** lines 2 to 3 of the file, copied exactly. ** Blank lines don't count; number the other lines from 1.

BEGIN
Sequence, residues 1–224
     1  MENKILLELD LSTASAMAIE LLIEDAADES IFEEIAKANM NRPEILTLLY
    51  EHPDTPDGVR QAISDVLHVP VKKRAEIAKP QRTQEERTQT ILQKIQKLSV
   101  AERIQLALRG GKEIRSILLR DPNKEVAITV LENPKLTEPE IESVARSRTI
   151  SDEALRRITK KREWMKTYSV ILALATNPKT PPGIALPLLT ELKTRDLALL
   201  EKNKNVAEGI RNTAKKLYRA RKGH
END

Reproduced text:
     1  MENKILLELD LSTASAMAIE LLIEDAADES IFEEIAKANM NRPEILTLLY
    51  EHPDTPDGVR QAISDVLHVP VKKRAEIAKP QRTQEERTQT ILQKIQKLSV